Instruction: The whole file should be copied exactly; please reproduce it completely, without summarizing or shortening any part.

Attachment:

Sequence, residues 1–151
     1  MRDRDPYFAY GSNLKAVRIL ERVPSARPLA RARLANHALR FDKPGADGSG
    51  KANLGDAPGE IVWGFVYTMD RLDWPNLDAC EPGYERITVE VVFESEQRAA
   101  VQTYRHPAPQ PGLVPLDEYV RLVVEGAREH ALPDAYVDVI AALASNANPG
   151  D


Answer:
Sequence, residues 1–151
     1  MRDRDPYFAY GSNLKAVRIL ERVPSARPLA RARLANHALR FDKPGADGSG
    51  KANLGDAPGE IVWGFVYTMD RLDWPNLDAC EPGYERITVE VVFESEQRAA
   101  VQTYRHPAPQ PGLVPLDEYV RLVVEGAREH ALPDAYVDVI AALASNANPG
   151  D